By Aaron Waldron
For 21-year-old Palmdale, CA resident Jordynn Brunette, RC racing isn’t just a family hobby – it’s a way of life.
Shortly after stumbling across the RCX show in Southern California and purchasing a few Traxxas Slash RTR’s, their backyard motorcycle track turned into an RC track. After two months, they upgraded to Kyosho Ultima SC kits and her stepfather, Eddie Armijo, started club racing at local tracks before jumping into the traveling JBRL series.
The family opened Controlled Chaos Raceway in their hometown, and Brunette had a place to practice as often as she wanted.
“When I noticed I was one of the only girls, I wanted to start showing up the guys,” said Brunette, whose race results and growing reputation within the SoCal racing scene has earned her sponsorship opportunities from Pro-Line, SchurrSpeed, Sky Hunter Hobbies, and Walden Designs. “I don’t take advantage of it, though,” said Brunette, “I only accept sponsors that I feel like I deserve and I’m ready for.”
Since the family runs a local racetrack, it’s easier for Jordyn to explain to her friends what she does for a hobby – but she doesn’t sugar coat it either. “I tell them that I play with toy cars, and it’s pretty nerdy,” she said, “I thought they were nerdy at first, and then I realized that I actually liked it.”
She didn’t have any problems explaining the hobby to her boyfriend of a year and a half, Cody Turner, as they met when he was racing at CCR and she was working at the snack bar. Cody laughed while admitting that he offered to wash Brunette’s Tires or turn marshal for her to get her attention, but she insisted that he didn’t use any cheesy pickup lines. “Can I have your Snapchat?” is what Cody said he thinks got the couple talking.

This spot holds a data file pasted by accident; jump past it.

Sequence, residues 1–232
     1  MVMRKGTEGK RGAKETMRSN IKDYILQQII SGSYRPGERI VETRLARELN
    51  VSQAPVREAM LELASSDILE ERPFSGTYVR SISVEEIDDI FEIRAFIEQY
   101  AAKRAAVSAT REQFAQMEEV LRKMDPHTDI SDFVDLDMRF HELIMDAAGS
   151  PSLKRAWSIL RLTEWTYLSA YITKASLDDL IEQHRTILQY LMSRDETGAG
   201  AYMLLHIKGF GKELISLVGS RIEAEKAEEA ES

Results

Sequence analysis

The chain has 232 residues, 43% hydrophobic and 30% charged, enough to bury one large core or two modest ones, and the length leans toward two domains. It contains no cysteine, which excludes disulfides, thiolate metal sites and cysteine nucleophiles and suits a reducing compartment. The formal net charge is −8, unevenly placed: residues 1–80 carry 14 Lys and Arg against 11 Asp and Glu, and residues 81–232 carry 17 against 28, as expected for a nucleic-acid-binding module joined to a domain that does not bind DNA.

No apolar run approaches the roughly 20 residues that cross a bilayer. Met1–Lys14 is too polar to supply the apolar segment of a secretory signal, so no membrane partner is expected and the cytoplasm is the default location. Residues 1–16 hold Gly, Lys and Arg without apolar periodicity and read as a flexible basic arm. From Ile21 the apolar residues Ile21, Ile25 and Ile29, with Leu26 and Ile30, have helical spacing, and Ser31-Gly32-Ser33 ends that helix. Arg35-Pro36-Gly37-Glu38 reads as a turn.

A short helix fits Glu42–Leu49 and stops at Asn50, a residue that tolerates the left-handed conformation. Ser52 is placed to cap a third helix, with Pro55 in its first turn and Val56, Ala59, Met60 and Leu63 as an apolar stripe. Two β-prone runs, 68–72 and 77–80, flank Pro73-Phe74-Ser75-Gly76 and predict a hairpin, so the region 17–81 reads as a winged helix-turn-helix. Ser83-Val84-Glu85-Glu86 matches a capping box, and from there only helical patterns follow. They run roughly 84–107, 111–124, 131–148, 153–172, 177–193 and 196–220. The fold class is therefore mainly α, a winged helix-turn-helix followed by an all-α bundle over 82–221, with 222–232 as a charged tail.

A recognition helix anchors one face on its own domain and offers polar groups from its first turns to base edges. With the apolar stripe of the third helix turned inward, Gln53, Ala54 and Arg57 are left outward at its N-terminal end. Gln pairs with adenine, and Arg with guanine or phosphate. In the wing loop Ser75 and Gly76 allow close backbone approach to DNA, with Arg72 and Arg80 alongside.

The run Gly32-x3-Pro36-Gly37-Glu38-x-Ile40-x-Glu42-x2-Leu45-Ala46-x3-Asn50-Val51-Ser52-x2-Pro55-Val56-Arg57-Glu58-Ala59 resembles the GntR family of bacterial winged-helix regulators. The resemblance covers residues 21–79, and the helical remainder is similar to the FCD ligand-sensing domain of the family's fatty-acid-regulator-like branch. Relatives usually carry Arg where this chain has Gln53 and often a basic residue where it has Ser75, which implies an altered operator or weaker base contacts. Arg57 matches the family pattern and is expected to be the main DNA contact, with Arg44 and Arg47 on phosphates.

“I never get intimidated racing against guys,” said Brunette, “I think they get more intimidated.” She said that while she never tries to wreck anyone, she’s not afraid to stand her ground, either. “Everyone thinks that my favorite color is pink, but it’s blue. I got pink stuff because I want people to know that it’s a girl that’s kicking their butt,” said Brunette. She thinks that being one of the faster racers in her area actually makes her more of a target than it does granting her favor among racers. “Guys never like racing against me,” said Brunette. She added, “They take offense to getting beat by a girl. They’ll take me out and then blame me.”
Rather than be intimidated, Jordynn feels motivated by the pressure to stand out amongst her male peers for more than just her gender. Her biggest piece of advice for girls looking to break into RC racing? “Don’t let the guys scare you,” she said.